Top 30 Prospects Update

Wednesday, June 01 2005 @ 11:30 AM EDT

Contributed by: Gerry

The minor league season is approximately one third complete. The half way point will come soon after the draft, a busy time for minor league followers, so this is a good time to have a quick look at how the Jays top prospects are doing. The starting point was Baseball America's top 30 list, Russ Adams and Gustavo Chacin have been excluded, leaving 28 prospects to review. Da Box's Jordan, Mike Green, Rob and yours truly have combined to deliver our report cards on the Jays top prospects.

There is one question to ask. Has the player improved, stayed at the same level, or regressed, in their prospect status? There are three possible answers, Improve, Flat, or Regress. On with the show...


#2 Aaron Hill

Gerry: Hill has been moved up aggressively by the Jays and he has hit at every level. His 2005 numbers continue the hitting trend, but this year Hill has not walked much Hill's K numbers are also low meaning he is finding pitches to hit. Hill is somewhat like Shea Hillenbrand, he likes a lot of the pitches he sees and is such a good hitter he can hit many of them. Hill is now in a major league fill-in role and is doing well on his first trip through the league. Improve

Jordan: Hill's up a little sooner than I would have expected, but as he's been showing since he arrived, his bat was never in question. In retrospect, Hill was a better choice to promote than John-Ford Griffin -- it gives Hill a chance to learn a new position (albeit on a crash course). Naturally, the hot start will soon end and we'll see pitchers busting him inside and feeding him junk to see what he does. I think he'll react well. And I don't think he's going to see Syracuse again.

Rob: I have to say, Hill's performance in Toronto doesn't change my opinion of him. He's walking less and hitting the ball with more power than he did last year in New Hampshire -- a classic case of Shane Spencer Syndrome if there ever was one. In fact, Hill could hit .200 this year and I wouldn't be overly worried. His bat is somewhat projectable; it's his defense I want to see in action. His value to this team would skyrocket if he could play a passable (read: better than Chris Woodward) shortstop. I agree with Jordan that Hill's Syracuse days are done, but I also thought the same about Dave Bush last October.

Mike: Adams' defensive play has convinced me that Hill's future is as a third baseman. Subjectively, I think he's going to be a star. He really has not improved over the past year, but has simply carried on his fine double A performance at higher levels. I made him the Jay #1 prospect (far ahead of League) at the end of last year, so it's not an insult to say that his status is flat.

#3 Guillermo Quiroz

Gerry: Quiroz has not played this year. His latest injuries are troublesome as he now carries the "injury prone" tag. Quiroz will need a strong twelve injury-free months to get his reputation back. Regress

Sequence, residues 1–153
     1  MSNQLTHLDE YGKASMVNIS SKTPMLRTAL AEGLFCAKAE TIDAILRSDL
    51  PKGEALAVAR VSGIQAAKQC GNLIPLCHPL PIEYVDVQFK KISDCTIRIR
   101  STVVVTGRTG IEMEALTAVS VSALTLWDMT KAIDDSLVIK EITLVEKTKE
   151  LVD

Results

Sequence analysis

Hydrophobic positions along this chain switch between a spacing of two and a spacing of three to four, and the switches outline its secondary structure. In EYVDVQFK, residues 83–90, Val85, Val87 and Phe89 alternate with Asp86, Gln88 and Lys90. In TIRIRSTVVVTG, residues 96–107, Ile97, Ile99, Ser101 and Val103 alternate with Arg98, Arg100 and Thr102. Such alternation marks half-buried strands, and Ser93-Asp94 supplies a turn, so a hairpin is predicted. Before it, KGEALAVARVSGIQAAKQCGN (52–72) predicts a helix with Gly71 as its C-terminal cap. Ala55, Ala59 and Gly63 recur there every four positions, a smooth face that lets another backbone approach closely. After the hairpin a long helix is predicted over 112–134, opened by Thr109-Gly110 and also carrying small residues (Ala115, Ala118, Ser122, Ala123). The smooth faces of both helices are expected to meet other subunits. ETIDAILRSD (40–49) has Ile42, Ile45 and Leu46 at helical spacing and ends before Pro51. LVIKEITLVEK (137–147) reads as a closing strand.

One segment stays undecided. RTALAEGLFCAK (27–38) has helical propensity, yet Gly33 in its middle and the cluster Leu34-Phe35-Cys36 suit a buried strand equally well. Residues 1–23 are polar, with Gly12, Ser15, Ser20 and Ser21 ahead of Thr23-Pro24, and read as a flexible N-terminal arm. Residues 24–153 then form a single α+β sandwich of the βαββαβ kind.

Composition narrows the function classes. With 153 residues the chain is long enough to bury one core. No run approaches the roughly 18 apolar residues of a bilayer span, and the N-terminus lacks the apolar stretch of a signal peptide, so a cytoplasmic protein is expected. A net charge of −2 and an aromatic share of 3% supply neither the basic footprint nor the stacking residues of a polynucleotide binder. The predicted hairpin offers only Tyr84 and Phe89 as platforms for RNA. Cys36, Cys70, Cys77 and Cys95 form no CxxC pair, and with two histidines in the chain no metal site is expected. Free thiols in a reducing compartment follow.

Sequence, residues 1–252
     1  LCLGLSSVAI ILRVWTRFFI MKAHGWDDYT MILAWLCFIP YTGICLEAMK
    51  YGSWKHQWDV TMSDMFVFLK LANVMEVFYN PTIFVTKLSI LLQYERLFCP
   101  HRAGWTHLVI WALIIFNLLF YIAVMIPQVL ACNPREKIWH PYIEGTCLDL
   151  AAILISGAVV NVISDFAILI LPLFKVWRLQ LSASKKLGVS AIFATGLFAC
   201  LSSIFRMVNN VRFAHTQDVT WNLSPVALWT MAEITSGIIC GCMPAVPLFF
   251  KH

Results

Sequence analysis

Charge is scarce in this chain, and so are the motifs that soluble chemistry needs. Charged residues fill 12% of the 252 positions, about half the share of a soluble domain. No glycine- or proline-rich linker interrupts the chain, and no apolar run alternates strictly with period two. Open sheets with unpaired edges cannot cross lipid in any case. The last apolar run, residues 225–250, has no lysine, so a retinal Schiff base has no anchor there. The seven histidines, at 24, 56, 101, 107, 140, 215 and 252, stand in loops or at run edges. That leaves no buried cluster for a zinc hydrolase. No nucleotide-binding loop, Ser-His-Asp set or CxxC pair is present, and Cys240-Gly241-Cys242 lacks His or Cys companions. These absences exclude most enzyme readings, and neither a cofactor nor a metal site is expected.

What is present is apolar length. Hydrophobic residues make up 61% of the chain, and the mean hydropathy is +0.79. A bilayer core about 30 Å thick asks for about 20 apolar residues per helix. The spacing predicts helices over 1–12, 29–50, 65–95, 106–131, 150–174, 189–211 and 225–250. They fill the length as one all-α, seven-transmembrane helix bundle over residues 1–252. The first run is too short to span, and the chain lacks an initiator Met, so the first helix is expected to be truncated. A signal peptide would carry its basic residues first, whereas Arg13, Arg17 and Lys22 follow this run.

Jordan: Famed umpire Ron Luciano once said: "One injury is an accident. Two injuries is a shame. Three injuries is a message." The "injury-prone" tag might not be inaccurate. I have great respect for GQ and his resiliency -- a collapsed lung is scary and nasty -- but it's possible to be both tough and injury-prone. Quiroz is still young, but you have to think he's becoming more Plan B than Plan A for the Jays right now.

Rob: Pure disappointment here. Quiroz looked like a star (especially defensively) in my limited exposure to him last August and again with Toronto in September.

Mike: The recurring lung problems are disheartening, but I haven't written off Quiroz. He hit well in the spring, and I really don't question his ability. He is only 23 years old. Catchers commonly have different career paths from other position players, and I still expect to see Quiroz in a major league uniform in 2006. Still, you'd have to say regress.

#11 Gabe Gross

Gerry: The AAA season has been very disappointing for Gross. At age 25 Gross should be hitting the cover off the ball at AAA, instead his average and power have been off. You could say that April was a write off as he was depressed about being back in AAA, but there are no excuses for May. If Gross does not start hitting soon the Jays may leave him out of their plans for 2006. Regress

Jordan: I have to say, I think Gross is out of the Jays' plans already. JP appears to make quick assessments of young players, and when Gross hit .200 last fall and JP signed Frank Catalanotto to a two-year contract shortly thereafter, the message couldn't have been clearer. I think Gross is going to be dealt as part of a package for an outfielder between now and the end of the season. If the Jays do give up on him, I think he's going to make them regret it.

Rob: Ah, what might have been. If Gross was able to play the outfield last May, he certainly would have gotten the call over the then-struggling-with-AAA-pitching Alex Rios and...well, who knows? I didn't think it was possible for Gross to put up worse numbers in Syracuse in 2005 than his MLB line in 2004, but there you go.

Mike: The mark of Gross' collegiate and minor league career has been inconsistency, periods or seasons of greatness followed by periods of ineptitude. This year has continued the pattern in spades, as Gross shone bright in spring training with 8 homers and then was not given much of a shot at the start of the season. I agree with Jordan that he's likely to be traded shortly, and that you'd have to say that he's regressed.

#12 Yuber Rodriguez